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Artist Spotlight

Nati Cano

Mariachi band leader

Natividad "Nati" Cano was born July 23, 1933 in Ahuisculco, Jalisco, a small rural town outside of Guadalajara, Mexico, Nati learned to play the vihuela, a small five-stringed guitar, from his father at age six. By eight Nati was playing professionally in cantinas with his father and grandfather. After studying the violin in the Academia de Música in Guadalajara for six years, Nati moved to Mexicali in 1950 to play with Mariachi Chapala.

Nati longed to bring traditional mariachi to a widespread audience of different tastes, and thus relocated to Los Angeles and eventually joined the Million Dollar Theatre's Mariachi Águila. In 1961 he was offered the directorship of the group, which he transformed into Mariachi Los Camperos. Blending the older, traditional rhythms of mariachi music with the complex harmonies of American and Mexican popular music, Nati revolutionized and popularized the mariachi sound as well as its appearance by adding white jacket uniforms and choreographed movement.

Nati is constantly driven and never satisfied. He is a disciplined musician who expects the same discipline from everyone in his group. He pushed the boundaries of mariachi music while touring throughout the western USA and eventually opened his own restaurant on Wilshire Boulevard in Los Angeles, La Fonda de Los Camperos, where Nati Cano's Mariachi Los Camperos are featured performers.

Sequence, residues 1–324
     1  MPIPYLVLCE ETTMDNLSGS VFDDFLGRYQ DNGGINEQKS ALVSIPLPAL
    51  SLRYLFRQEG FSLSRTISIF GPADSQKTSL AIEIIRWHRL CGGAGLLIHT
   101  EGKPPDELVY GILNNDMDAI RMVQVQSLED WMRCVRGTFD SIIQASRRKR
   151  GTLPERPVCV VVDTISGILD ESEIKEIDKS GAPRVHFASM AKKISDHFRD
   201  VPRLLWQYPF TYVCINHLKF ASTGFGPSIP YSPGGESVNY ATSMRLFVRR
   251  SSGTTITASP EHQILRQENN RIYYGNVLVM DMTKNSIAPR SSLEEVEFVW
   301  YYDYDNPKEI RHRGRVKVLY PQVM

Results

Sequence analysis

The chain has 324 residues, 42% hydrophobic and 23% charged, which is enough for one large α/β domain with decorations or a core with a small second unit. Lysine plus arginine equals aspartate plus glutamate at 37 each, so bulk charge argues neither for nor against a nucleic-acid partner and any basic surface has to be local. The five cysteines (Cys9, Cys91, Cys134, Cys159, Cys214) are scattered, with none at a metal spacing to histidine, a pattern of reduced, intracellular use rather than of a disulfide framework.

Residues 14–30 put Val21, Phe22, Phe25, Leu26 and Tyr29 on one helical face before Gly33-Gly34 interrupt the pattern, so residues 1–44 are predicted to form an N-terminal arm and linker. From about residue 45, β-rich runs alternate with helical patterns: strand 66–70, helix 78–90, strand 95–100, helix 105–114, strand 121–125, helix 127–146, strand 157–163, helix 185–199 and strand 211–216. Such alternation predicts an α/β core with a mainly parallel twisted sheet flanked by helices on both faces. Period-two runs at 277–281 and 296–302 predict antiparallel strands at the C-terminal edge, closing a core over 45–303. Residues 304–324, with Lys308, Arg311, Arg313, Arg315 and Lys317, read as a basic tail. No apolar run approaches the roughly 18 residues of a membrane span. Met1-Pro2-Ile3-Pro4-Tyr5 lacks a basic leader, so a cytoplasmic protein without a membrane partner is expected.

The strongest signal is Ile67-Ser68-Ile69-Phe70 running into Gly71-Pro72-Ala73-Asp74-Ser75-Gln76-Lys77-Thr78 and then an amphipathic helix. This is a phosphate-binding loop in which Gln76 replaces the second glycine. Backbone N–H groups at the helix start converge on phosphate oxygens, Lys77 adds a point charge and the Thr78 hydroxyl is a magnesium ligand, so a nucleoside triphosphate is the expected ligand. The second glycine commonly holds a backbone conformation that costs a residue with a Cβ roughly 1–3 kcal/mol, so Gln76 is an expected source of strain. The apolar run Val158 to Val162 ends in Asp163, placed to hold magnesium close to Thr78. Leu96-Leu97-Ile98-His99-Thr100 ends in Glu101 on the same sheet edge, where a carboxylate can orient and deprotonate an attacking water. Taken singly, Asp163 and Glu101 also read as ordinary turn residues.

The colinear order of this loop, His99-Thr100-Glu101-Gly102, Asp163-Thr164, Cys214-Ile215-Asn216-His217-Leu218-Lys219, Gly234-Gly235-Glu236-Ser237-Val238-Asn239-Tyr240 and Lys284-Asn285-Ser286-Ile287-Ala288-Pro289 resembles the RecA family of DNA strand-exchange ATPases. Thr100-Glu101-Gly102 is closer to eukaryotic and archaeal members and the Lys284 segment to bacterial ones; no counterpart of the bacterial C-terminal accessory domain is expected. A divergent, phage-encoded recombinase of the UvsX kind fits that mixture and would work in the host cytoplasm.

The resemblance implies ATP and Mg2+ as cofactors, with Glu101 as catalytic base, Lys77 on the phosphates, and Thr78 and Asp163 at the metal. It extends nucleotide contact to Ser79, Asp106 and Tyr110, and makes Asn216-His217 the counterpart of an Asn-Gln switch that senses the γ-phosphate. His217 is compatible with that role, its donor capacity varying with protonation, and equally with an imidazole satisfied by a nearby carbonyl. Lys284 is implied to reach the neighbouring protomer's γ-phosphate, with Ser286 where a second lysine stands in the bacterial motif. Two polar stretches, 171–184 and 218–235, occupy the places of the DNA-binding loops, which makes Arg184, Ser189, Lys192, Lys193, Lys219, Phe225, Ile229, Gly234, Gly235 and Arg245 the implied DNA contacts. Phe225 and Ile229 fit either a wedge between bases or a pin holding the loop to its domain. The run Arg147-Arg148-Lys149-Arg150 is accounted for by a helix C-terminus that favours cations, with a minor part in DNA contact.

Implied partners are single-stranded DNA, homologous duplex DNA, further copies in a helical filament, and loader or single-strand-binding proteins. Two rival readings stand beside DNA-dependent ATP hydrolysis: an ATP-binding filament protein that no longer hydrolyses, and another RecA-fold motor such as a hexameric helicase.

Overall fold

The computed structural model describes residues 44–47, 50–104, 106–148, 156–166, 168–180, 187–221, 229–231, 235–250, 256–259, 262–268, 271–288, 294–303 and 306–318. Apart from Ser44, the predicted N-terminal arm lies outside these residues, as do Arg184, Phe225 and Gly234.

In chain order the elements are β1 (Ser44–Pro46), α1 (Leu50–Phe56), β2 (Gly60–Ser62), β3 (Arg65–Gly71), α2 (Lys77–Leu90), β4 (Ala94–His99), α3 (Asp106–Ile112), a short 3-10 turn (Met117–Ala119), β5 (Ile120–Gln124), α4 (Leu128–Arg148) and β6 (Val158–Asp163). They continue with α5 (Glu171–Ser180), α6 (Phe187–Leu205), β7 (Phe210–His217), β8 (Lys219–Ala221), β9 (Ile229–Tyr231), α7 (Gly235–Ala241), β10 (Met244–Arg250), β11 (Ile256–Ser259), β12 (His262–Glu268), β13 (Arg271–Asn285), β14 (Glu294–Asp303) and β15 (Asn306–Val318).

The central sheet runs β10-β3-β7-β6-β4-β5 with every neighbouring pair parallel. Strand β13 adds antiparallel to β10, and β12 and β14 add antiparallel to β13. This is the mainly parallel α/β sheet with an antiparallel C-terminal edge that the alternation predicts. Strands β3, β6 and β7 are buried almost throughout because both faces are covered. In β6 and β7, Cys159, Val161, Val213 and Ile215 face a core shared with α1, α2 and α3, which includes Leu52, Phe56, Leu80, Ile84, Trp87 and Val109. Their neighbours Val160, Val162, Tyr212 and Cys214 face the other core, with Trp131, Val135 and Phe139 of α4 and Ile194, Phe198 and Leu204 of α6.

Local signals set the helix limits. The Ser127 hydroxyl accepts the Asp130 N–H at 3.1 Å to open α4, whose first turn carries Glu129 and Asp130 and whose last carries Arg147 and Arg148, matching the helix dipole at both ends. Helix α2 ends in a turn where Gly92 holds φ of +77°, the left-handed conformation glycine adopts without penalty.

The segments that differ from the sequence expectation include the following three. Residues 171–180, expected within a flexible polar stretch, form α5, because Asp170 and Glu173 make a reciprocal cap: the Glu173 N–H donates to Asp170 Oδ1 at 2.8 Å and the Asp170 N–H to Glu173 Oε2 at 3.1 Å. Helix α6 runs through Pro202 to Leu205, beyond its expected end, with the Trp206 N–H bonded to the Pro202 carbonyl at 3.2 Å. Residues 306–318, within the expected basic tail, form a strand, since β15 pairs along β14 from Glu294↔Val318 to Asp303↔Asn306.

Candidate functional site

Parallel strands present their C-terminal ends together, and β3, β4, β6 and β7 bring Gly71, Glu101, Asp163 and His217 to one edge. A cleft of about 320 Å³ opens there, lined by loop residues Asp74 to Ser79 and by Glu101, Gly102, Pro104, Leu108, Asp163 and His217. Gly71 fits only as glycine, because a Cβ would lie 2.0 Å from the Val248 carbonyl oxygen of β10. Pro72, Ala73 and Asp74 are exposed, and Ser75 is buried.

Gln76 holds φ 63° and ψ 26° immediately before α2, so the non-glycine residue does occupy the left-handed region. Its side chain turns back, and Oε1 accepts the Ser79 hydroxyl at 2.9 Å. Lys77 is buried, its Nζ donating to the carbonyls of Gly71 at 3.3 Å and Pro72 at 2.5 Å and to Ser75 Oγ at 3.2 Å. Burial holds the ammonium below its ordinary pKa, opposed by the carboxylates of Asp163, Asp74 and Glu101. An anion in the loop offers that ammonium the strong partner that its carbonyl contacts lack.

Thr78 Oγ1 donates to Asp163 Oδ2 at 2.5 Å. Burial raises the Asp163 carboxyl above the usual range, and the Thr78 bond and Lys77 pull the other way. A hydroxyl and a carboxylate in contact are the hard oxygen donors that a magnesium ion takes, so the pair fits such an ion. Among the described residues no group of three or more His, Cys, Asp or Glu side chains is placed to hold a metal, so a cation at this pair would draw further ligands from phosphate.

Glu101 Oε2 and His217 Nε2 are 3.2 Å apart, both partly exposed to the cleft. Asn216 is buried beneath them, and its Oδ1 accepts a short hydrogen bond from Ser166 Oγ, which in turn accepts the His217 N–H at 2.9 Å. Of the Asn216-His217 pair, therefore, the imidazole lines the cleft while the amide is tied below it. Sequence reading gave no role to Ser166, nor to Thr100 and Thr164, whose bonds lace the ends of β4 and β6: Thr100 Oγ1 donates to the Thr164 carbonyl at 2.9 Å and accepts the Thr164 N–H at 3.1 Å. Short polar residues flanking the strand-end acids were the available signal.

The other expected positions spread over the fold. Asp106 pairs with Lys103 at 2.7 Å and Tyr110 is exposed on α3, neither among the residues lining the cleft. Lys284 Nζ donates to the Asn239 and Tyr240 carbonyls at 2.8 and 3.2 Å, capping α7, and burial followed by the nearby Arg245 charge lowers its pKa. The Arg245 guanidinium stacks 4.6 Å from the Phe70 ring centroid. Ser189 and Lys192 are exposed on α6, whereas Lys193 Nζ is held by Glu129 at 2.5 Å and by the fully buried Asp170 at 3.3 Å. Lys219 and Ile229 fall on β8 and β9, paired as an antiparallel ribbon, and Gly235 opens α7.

With the growth of the Latino populations in the USA, Nati Cano's Mariachi Los Camperos has enjoyed great success over the past thirty-five years. Touring nationally with Linda Ronstadt and the great success of her recording Canciones de mi Padre (1987), on which the Camperos were featurecd, boosted the group's popularity nationwide. In 1989, Cano received the National Heritage Fellowship of the National Endowment for the Arts, the USA government's highest honor in traditional arts.

In 2002, Smithsonian Folkways Recordings proudly produced ¡Viva el Mariachi!, a compilation of the Camperos' recordings from the 1990s. The CD sold out at the 2004 Smithsonian Folklife Festival where Nati's group was featured as part of the Nuestra Música program. The group has been an integral part of developing mariachi programs in schools, creating widespread success of mariachi festivals throughout the southwest U.S., and bringing mariachi the respect it deserves. Look out for a new studio recording of Nati Cano's Mariachi Los Camperos, due to come out in 2005 from Smithsonian Folkways Recordings.